But the bear wasn’t to be. From that December 17 low stocks went into a dizzying rally. By April 29, 2019 the index had rebounded to 2945, gaining 529 points from the December low and tacking on a startling 21.9%.

So what would have happened to your portfolio gains if you had, following tradition, rebalanced positions in January to take profits in winners and put new cash to work in laggards. Let’s look at Apple (AAPL) as an example over 2018 and 2019 to date.

On January 2, 2018 Apple traded at $157.74. And then it went on a tear. By September 17, 2018, the high point for the S&P 500 that year, Apple was trading at $220.70.

And then came the almost bear. By December 17, the bear bottom on the S&P 500, Apple shares were down to $163.94, a scant $6.20 a share above where they had started the year. Unlike the S&P 500 Apple continued to drop in the last days of 2018, hitting $157.92 on January 2, 2019, just abut where they’d been on January 2, 2018.

By April 29, Apple shares were back up to $204.30, almost where they’d been at the September 18, 2018 high for the S&P 500. They closed at $293.65 on December 31, 2019.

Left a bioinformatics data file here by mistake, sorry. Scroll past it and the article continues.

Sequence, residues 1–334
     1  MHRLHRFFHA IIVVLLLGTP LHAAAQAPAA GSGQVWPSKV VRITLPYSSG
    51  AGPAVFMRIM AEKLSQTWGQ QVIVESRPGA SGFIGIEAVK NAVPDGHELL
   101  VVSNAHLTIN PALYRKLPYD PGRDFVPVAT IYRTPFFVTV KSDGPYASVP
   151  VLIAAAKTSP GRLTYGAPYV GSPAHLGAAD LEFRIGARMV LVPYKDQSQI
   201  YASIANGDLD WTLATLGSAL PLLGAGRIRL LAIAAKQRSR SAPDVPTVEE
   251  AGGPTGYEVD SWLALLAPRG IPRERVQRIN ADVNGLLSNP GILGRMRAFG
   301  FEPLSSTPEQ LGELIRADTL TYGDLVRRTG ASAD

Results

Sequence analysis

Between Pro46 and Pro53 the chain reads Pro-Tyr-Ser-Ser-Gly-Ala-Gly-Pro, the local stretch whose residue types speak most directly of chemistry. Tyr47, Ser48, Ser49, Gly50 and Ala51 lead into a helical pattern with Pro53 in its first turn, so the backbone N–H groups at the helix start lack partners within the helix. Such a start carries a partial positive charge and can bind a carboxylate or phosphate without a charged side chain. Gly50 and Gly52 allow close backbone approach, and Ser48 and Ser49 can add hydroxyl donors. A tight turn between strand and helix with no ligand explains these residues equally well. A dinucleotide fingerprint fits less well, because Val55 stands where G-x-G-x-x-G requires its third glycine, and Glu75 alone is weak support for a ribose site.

Now if you’d sold on January 2, 2019, the start of the new year for the markets, you would have lost that stunning $135.73 a share, an 85.9% gain, in Apple shares in 2019.  Woof.

But rebalancing doesn’t work like that. You would have sold on January 2, 2019 taking an 18 cents a share gain from the January 2, 2018 price. And then you would have re-invested $10,000 (each position in the long-term 50 Stocks Portfolio starts off with a weight of $10,000) and ridden that position call the way back up to $293.65.

You would have owned 63.32 shares of Apple after the rebalancing since your $10,000 would have bought you slightly fewer shares than you bought back in January 2, 2018, at $157.74 (63.40 shares). But the difference is hardly significant. Holding for the full 2 year period without rebalancing would have given you an Apple position worth $18,617 on December 31, 2019, versus the $18,593 on December 31, 2019if you had rebalanced. Add in your $11.41 profit from the January 2, 2019 rebalancing and the difference is even smaller at $18,617 without rebalancing and $18,604 with a January 2, 2019 rebalancing.

Obviously Apple is the only stock in my 50 Stocks portfolio. And 2018 and 2019 are hardly a completely representative pair of years.

But I would draw a couple of conclusions from this example.

First, with perfect 100% perfect hindsight an investor can decide to rebalance or not to rebalance in order to maximize his or her profits. But at the time? Were you absolutely certain that the almost-bear of the end of 2018 wasn’t going to turn into an actual bear? I wasn’t. I decided not to rebalance because I though the odds were against a full-on bear. But also because I bought put options that would give me some downside protection in case this was an actual bear.